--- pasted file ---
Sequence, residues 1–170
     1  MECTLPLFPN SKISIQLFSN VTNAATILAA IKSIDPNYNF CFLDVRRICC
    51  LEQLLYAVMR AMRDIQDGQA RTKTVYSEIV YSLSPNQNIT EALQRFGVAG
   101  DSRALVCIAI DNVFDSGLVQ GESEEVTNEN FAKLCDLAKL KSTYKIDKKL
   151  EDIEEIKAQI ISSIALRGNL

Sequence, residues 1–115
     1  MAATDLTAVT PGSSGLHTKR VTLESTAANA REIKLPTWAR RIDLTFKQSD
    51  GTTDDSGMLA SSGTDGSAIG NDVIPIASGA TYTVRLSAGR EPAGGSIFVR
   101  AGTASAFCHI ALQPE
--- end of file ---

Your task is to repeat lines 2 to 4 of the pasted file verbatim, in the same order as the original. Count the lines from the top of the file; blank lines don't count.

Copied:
     1  MECTLPLFPN SKISIQLFSN VTNAATILAA IKSIDPNYNF CFLDVRRICC
    51  LEQLLYAVMR AMRDIQDGQA RTKTVYSEIV YSLSPNQNIT EALQRFGVAG
   101  DSRALVCIAI DNVFDSGLVQ GESEEVTNEN FAKLCDLAKL KSTYKIDKKL